The Gujarat High Court, in Jalpa Pradeepbhai Desai vs Bar Council of India, has held that a legal consultant of a corporation is not eligible to apply for a judicial service examination.
A division bench of Gujarat High Court comprising Chief Justice R Subhash Reddy and Justice Vipul M Pancholi made this observation while upholding a single bench judgment that a law graduate working as a legal consultant with a corporation with a contract in the nature of a full-time job is not eligible for enrolment as a lawyer to practice law.
Jalpa, who was working as a legal consultant in Gujarat Industrial Development Corporation, had approached the high court contending that her engagement with the corporation is only contractual and it is not a full-time employment which attracts the bar to practice as an advocate. The single bench, dismissing her plea, had upheld the stand taken by the Bar Council that having regard to the nature of engagement of the petitioner with the Corporation and the conditions attendant to the engagement as legal assistant, it was not permissible to enroll her to the rolls.
In the writ appeal preferred before the division bench, a fresh prayer was made seeking a declaration that the applicant who is rendering her service in legal department as legal expert of other allied departments are to be considered as an eligible candidate for the post of civil judge.
Referring to relevant rules, the court observed that Jalpa is not an employee of an allied department as provided in Clause 11(7) of the advertisement and she is working with the GIDC and, therefore, she is not entitled to participate in the recruitment process for the post of civil judges.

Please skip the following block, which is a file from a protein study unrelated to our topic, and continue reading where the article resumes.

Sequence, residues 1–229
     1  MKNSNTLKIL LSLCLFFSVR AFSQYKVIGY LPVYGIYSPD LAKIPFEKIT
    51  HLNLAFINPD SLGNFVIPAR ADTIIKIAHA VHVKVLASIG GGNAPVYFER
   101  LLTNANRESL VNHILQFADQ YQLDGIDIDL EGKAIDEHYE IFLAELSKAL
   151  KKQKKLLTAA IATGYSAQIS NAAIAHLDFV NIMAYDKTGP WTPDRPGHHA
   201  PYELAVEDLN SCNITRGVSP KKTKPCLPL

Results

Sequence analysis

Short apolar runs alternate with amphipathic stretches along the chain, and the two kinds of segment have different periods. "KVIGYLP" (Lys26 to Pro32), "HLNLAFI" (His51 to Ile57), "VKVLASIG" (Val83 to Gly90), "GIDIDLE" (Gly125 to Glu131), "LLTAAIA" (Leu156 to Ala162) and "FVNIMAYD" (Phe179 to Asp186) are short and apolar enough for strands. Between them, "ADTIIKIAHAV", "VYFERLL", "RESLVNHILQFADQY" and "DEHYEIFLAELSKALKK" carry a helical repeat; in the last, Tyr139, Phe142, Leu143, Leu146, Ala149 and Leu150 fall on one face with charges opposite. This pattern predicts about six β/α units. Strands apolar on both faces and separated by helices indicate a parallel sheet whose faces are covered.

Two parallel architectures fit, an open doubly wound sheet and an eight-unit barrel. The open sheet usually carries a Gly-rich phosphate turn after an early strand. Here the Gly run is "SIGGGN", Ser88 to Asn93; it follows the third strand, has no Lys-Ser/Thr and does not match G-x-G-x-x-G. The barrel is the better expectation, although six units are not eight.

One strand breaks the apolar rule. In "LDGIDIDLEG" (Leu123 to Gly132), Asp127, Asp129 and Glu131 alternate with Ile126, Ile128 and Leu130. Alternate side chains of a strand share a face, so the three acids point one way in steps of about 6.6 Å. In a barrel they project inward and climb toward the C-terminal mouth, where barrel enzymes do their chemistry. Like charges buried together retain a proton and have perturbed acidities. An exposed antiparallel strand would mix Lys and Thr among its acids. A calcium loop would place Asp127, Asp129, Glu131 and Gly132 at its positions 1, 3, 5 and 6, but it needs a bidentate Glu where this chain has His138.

“In absence of any challenge to the Rules, it is not open for the petitioner to seek a prayer that she may be permitted to participate in the recruitment process,” the bench said.
Upholding the single bench order, the division bench observed thus: “It is not in dispute that the petitioner has to be in the office from 11:00 am to 5:00 pm, which are standard hours of work and, therefore, the same can be considered as full time employment. If we consider the dictionary meaning of 'salary', it is nothing but fixed regular payment made by an employer to an employee in return of work.”
The bench also observed that the word 'full time' used in Rule 49 of the Rules is also to be considered as full-time office standard number of hours. And one of the conditions in the agreement entered into between the petitioner and GIDC is that the petitioner has to be in the office from 11.00 am to 5.00 pm, which are standard hours of work and therefore the same has to be considered as full time employment, the bench observed.